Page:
"It was Belgian styles that inspired me and first captured my interest in Brewing."
So many great breweries start with a similar story. One person, creative and driven, experiences a Beer Moment™ that changes their life forever. Suddenly, their old life is left behind and they follow their true calling in the arcane arts of fermentation.
Sandy Kirkpatrick, Savour Beer's founder and currently its only employee, is a man fulfilling just such a dream. "I first travelled to Belgium in 2009 and was amazed at the diversity and flavour of the beer there. It was like nothing I had ever experienced before." On his return to the UK, Sandy saw a number of small British breweries opening in the UK, but noted that many were of a similar vein. "Most of these [new] breweries were focused on American styles."
Whilst seen by many beer geeks as legends, Belgian brewers aren't as constrained by the idea of beer styles as brewers can be in the UK and US. Rather, they are celebrated for their inherent creativity. "It was Belgian styles that inspired me and first captured my interest in brewing," says Sandy.
After starting Savour last year, using space at the Compass Brewery in Oxfordshire, Sandy has been inspired to brew a number of classic Belgian beers: "I wanted to keep some of the traditional elements…whilst putting my own stamp on it."
So what of Finesse? Fittingly, given its name, this saison very much represents a refinement of the brewing skills Sandy has learned so far. "I always wanted to brew a Saison as part of the core range for Savour. One of the first 'true' Belgian beers I tried was Saison Dupont and I instantly fell in love with the style… I like its origins being brewed by farmers as a thirst-quenching beer to drink during the summer months."
Whilst Finesse is based on a classic Belgian style, Sandy, like the Belgian brewers he so admires, isn't afraid of doing things differently. Finesse is lighter in strength than Dupont and its imitators, a sensible 5% ABV (arguably closer to what saisons would have been originally) as opposed to the 7%+ commonly seen in many modern examples. The refinements don't end there, either. "Rather than simply using hops to provide a citrus edge, I looked at using spices that would complement the yeast flavours. Lemongrass gives the beer a very pleasant but different texture. I add a little at the end of boil and then as a dry spice at the end of fermentation."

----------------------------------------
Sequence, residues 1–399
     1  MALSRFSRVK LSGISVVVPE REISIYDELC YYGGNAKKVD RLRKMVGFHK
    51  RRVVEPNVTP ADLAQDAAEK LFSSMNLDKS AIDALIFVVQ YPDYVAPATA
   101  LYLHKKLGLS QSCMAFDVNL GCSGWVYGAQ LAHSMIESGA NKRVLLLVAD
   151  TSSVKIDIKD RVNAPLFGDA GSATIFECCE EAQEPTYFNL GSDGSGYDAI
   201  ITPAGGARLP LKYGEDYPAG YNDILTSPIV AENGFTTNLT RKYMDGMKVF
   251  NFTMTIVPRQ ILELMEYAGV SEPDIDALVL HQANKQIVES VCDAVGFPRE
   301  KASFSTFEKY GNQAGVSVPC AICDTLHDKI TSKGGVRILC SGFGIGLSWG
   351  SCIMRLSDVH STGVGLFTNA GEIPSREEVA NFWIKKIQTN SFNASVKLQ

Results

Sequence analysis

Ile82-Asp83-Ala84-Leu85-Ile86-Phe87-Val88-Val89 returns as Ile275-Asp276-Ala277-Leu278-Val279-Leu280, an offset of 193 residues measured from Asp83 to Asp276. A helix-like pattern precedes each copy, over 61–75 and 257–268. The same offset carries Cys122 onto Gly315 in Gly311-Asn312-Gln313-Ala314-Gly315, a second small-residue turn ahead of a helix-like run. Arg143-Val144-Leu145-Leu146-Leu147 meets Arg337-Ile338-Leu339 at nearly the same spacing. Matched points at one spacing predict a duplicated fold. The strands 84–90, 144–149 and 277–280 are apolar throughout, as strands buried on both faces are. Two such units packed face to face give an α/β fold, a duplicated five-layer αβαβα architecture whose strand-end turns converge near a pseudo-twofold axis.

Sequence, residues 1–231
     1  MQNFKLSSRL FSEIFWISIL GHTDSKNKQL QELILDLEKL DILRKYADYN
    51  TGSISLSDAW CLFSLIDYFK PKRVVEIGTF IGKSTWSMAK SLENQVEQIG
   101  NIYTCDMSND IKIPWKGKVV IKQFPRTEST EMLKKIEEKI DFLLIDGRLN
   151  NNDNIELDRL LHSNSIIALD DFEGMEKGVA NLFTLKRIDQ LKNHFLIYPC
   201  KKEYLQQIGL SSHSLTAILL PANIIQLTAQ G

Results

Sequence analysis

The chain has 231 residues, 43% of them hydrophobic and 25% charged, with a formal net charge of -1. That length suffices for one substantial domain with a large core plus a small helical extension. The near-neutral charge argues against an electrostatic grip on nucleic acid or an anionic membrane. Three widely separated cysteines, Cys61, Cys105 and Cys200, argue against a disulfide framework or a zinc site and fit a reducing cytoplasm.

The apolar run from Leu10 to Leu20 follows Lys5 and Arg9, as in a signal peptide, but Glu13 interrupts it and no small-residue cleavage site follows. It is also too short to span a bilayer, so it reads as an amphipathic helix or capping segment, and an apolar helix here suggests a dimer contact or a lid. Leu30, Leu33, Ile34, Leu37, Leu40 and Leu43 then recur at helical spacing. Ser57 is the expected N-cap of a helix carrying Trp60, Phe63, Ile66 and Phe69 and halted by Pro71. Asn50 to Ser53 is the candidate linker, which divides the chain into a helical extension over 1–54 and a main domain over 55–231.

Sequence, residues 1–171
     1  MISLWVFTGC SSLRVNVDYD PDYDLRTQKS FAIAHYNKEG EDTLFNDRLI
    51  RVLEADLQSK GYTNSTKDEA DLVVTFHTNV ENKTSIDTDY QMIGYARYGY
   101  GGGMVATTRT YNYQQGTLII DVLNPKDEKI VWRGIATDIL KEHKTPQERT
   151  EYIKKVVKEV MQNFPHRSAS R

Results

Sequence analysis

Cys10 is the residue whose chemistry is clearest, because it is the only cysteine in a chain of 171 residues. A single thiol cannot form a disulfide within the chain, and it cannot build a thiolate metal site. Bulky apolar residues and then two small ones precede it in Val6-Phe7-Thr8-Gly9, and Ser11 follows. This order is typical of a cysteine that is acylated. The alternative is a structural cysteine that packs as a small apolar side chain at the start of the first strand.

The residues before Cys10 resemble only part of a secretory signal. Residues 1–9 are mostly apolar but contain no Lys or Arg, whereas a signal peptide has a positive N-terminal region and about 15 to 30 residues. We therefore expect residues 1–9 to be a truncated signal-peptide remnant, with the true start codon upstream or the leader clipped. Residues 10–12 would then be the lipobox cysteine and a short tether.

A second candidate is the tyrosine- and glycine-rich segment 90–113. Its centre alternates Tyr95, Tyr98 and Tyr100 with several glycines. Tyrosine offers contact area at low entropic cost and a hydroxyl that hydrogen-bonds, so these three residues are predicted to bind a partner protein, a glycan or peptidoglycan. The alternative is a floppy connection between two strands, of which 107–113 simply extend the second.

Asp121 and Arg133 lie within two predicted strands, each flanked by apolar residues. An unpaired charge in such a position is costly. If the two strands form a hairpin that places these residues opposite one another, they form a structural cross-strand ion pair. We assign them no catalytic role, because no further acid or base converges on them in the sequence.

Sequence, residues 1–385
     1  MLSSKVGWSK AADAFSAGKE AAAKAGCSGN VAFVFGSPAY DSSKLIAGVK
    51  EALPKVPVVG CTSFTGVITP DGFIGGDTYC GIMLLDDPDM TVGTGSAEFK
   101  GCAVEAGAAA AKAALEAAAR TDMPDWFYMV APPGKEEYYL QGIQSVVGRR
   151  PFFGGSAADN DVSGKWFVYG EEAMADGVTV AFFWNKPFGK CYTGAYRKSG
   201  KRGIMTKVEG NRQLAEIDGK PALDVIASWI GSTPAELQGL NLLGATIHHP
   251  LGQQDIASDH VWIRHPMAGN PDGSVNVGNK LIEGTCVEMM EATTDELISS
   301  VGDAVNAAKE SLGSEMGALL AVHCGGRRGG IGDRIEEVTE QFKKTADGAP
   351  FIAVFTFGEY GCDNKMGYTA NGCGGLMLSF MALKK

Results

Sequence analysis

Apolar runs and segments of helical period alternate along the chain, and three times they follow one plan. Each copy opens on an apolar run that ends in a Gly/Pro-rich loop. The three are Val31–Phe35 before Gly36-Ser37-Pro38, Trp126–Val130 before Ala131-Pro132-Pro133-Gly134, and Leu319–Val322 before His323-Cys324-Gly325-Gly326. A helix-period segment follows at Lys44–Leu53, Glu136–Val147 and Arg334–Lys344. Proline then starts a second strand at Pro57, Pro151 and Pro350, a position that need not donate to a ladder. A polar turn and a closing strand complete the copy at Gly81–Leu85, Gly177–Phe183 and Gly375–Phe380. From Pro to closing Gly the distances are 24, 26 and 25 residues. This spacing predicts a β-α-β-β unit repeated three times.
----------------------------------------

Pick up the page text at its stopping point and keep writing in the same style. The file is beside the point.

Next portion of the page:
Sandy sees Finesse as "a mixture of French and Belgian beer cultures…the beer is bottle conditioned using Champagne yeast to develop a spritzy carbonation."
It's certainly elegant - a bright and zesty beer that pours a burnished gold, with a full and mousse-like head of tiny bubbles. That head is packed with the aromatic lemongrass, which also accents the bready sweetness and peppery hop flavour that defines this beer. It dances across the palate with a firm, crisp mouthfeel and prickly spiciness to its finish. If you have time tonight, grab a Thai green curry to enjoy with this aromatic and sharply-nuanced beer. The lemongrass and citrus flavours dovetail neatly with Thai cuisine, and the crisp carbonation is just the trick for cleansing the palate.
At the moment, Sandy only gets to brew once every 4-6 weeks, but the quality of Savour's range of beers - which also includes a bright, balanced and by-the-numbers Belgian blonde ale (Progress) and a rich and sophisticatedly robust dubbel ale (Opulence) - indicates a bright future.
I ask Sandy what he would choose to brew tomorrow if time and money were no object. His answer speaks volumes about his ambition:
"It would have to be a Flemish Red ale. One of my favourite beers is Duchesse de Bourgogne by Brouwerij Verhaeghe and I love the flavour intensity and uniqueness of the style. So, with a lot of oak, time and money to spend this is what my dream brew would be. For the time being it'll have to remain just that! Maybe one day though….I can always live in hope!"
If you want to taste that Flemish Red, and I know I do, buying a few extra bottles of Savour's sublime Finesse would certainly help Sandy on his way.
This week's write up is by Chris Hall, a London-based beer writer, who blogs about his discoveries in the world of beer at The Beer Diary. He is the co-author of 'Craft Beer: 100 Best Breweries in The World', available in newsagents and to order here online (with free delivery). Chris is also a member of the British Guild of Beer Writers and can be found on Twitter and Untappd @cshallwriter.